Unfamiliar environments can make anyone uneasy, but for autistic children who are more sensitive to sensory experiences, they can be overwhelming and traumatizing. A doctor’s office visit, which often engages all the senses, can be a dreaded experience.
Awareness of autism spectrum disorder (ASD) has increased over the past decade, yet fully dedicated resources and facilities for autistic children and their families are difficult to find. Thompson Autism and Neurodevelopmental Center at CHOC is one of just a handful of clinics across the country dedicated solely to diagnosing, managing and treating ASD. Through a partnership with Chapman University, the Thompson Autism and Neurodevelopmental Center also helps patients with autism and their families navigate the education system, from preschool to college.
Firsthand knowledge of having a child with autism was woven into the building’s design from the start. “As the parent of an autistic son, I can tell you it’s a nightmare to try and find resources,” said Don Lawrence, a healthcare planner with Blue Cottage of CannonDesign who helped design the clinic. “There was no center like this when my son was born, so it was a real challenge for me and my wife to find the resources to get interventions. Now that there’s more awareness of autism, we’ve seen more and more providers noticing and diagnosing autism early. Intervention at a facility like this can make a huge difference in their lives.”
The design was driven by the best and latest evidence-based strategies for designing positive environments for individuals with neurodiversities. Our research yielded design ideas around controlling environmental parameters such as light, color, sound, spatial transitions and artwork, as well as specialized safety considerations. Exam and lab spaces were designed to isolate sound, so a child having trouble with getting blood drawn will not influence others in the clinic. Specialized spaces for toilet training aids younger children and their families through a difficult transition.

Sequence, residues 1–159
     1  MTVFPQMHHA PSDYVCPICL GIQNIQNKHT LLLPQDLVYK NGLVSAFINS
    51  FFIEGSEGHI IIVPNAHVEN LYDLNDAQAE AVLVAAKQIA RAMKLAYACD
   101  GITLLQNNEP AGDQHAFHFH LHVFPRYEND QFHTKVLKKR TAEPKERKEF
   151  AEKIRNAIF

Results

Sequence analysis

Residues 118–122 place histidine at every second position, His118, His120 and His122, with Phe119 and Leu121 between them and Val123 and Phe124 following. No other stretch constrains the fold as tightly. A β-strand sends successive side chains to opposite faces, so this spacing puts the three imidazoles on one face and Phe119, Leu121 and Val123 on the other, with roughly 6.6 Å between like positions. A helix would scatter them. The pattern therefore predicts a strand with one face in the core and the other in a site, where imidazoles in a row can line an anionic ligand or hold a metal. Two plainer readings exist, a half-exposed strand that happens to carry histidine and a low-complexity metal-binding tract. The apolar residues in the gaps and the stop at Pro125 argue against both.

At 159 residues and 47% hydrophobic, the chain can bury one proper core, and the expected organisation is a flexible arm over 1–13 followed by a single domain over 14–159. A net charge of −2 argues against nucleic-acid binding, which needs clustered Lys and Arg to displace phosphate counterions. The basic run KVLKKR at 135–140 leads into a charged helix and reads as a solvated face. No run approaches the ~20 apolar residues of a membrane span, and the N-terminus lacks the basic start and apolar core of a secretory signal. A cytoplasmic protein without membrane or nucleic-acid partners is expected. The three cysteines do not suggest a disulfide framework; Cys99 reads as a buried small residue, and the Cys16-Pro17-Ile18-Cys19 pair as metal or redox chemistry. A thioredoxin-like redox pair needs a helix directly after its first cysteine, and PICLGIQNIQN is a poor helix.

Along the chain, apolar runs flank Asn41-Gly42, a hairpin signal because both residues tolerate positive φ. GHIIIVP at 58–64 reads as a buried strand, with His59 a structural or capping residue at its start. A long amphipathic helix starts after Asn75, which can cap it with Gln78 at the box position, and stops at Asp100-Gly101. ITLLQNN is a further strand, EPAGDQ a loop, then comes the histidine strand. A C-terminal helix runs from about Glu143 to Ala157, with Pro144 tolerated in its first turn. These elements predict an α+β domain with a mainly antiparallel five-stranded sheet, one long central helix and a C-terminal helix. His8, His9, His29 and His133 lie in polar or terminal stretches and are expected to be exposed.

1 in 44
children have autism spectrum disorder
more common in boys than in girls
of children have a co-occurrence of one or more non-ASD diagnoses (such as developmental, neurological, gastrointestinal, etc.)
increase in autism prevalence since 2000
Research into how ASD children perceive art found that images of children by themselves are scary—they see it as being isolated or abandoned by their parents or caregivers. All art in the Thompson Autism and Neurodevelopmental Center shows kids with their peers or families to consistently maintain a comforting atmosphere.
Another key distinguishing feature of the center is that it allows for children to be seen by multiple specialists during one visit, all in the same exam room. This reduces the stress for both the child and their accompanying family.
We provide transition services—resource specialists who can help families work on plans for transition into adulthood, who either really need help or are looking into mainstreaming into college and need the right type of advice or counseling, even legal consultation so that families can obtain either guardianship or career planning for their children who are going to become adults.Dr. Tom Megerian Medical Director of the Thompson Autism Center and CHOC neurologist